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The Villages
Thursday, July 29, 2021

Residents divided sharply on value of gates in The Villages

If you think politics are a polarizing topic in The Villages, then don’t dare broach the subject of gates.

The District Office reported that 130 gate strikes occurred in January in Florida’s Friendliest Hometown, spurring comments on the expense of maintaining the entrance gates.

“The gates in The Villages serve little purpose and are more of a nuisance than a benefit. They do not keep out non-Villagers. The ‘manned’ gates are a joke, as all cars are just waved through the gate. The security cameras do serve a function and should be retained. The Villages wastes residents’ money with the upkeep of the gates, the gate houses, and the silly little gate access cards,” said Paula Jauch of the Village of Harmeswood of Belle Aire.

Preston Sappington of the Village of Hillsborough argues the gates in The Villages serve the Developer far more than they serve the residents.

“They are used as a selling point to people that don’t know better. They are on a public road and hinder traffic flow.

Do the math. Twenty-two manned gates, 24 hours a day, 365 days a year equals $1.5 million per year so the Developer can sell more homes,” Sappington said.

He points out his formula does not include the cost of electricity for the gates and shacks.

“How about air conditioning/heat for each shack, plus ongoing maintenance for all arms?” he asked

He suggested speed bumps that don’t need electricity or mechanical devices or human intervention.

Villager Janet McKean said the gates don’t keep anyone out.

“Anyone can enter by pushing the red button — ridiculous!  I would never damage one intentionally, and I do not drive distracted; but, there are times when we need to get through in a hurry, and there are also times when the gate attendant makes a mistake and lets someone through the visitor’s gate and almost causes an accident,” she said.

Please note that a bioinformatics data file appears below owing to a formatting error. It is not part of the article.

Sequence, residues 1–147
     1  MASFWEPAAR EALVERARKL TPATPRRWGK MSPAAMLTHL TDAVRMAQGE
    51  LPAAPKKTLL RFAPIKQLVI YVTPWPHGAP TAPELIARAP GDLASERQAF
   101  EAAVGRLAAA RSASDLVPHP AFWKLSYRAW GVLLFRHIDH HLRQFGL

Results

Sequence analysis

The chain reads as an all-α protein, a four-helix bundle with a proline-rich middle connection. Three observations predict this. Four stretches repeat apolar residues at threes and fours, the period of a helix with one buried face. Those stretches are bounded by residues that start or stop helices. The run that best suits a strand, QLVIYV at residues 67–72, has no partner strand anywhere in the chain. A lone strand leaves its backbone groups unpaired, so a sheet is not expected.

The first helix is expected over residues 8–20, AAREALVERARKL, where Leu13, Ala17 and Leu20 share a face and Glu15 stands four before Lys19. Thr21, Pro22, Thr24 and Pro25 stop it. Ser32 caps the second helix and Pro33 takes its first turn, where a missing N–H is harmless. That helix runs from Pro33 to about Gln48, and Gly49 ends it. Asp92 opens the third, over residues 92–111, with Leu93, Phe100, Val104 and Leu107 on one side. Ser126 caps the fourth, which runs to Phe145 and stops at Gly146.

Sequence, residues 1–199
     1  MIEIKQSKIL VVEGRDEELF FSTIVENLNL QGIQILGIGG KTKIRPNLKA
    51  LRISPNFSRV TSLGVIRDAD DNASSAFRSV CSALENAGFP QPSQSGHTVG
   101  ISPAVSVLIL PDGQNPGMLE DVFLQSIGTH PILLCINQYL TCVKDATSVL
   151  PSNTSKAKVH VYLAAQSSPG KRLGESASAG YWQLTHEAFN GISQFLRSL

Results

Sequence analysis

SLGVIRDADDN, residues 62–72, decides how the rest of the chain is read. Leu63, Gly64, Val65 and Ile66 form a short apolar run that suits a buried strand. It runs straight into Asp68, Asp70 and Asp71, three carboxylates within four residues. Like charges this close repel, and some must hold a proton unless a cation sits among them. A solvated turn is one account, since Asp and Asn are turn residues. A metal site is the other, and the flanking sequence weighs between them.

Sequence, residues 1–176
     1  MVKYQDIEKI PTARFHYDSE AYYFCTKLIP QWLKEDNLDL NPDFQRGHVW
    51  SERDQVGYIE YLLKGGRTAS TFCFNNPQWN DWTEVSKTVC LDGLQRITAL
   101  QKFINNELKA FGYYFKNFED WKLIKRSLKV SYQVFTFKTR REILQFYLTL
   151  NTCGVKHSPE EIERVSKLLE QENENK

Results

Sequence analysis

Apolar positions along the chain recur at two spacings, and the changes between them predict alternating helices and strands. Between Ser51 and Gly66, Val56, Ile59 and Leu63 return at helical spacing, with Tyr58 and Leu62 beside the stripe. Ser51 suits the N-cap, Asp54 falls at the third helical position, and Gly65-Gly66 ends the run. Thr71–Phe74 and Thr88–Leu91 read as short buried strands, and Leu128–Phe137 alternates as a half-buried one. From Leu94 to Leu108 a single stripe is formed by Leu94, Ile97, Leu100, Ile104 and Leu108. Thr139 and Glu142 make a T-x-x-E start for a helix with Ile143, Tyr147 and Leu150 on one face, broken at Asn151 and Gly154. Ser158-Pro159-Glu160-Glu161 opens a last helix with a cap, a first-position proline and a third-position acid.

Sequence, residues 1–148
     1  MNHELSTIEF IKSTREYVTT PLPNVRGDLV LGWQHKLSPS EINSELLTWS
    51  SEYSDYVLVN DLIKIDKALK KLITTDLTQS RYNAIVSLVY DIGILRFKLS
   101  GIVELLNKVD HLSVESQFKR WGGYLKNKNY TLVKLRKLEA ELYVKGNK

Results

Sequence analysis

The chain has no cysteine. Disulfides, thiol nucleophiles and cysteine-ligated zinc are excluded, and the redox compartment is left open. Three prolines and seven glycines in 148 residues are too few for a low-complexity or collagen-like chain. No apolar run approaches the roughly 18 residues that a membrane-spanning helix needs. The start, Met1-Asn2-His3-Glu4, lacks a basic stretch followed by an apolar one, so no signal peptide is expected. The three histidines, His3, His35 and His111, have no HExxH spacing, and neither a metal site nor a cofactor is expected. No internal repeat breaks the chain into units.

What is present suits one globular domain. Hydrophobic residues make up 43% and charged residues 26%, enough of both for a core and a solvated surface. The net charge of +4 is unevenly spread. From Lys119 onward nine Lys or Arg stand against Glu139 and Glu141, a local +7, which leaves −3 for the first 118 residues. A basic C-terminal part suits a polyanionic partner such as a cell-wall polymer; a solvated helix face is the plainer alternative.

Statistics show that the majority of gate arms are knocked down by distracted drivers, so Christine Raeder says, don’t blame the gates.

“People need to be responsible. If they are that distracted they don’t belong driving. We have almost been run over several times by distracted drivers as we walk. This is in broad daylight because they don’t believe we have a right to be on the golf cart path even though there is no sidewalk. Or because they just aren’t paying attention. We have literally had to jump out of the way. I can’t imagine what it’ll be like if you eliminate the gates and they go speeding through these areas. We bought a home in a gated community, leave it that way,” she said.

Holly and Jim Macfadden moved more than a year ago to The Villages and would like to see a more detailed breakdown of statistics involving gate strikes.

“This is a lot of damages in one month. It doesn’t say who damaged them: the percent of the residents or outsiders or snowbirds,” said Holly Macfadden, who lives in the Village of Largo.

Villager Frank Walter said residents in golf carts wouldn’t stand a chance without the protection of the gates.

“Without the gates I believe the percentage of car/golf cart accidents would increase dramatically. The charges that must be enforced against any individual who hits a gate arm and then leaves without reporting to authorities must be hit and run. Stories as to why the offender failed to lawfully report the ‘accident’ must be hilarious,” he said.

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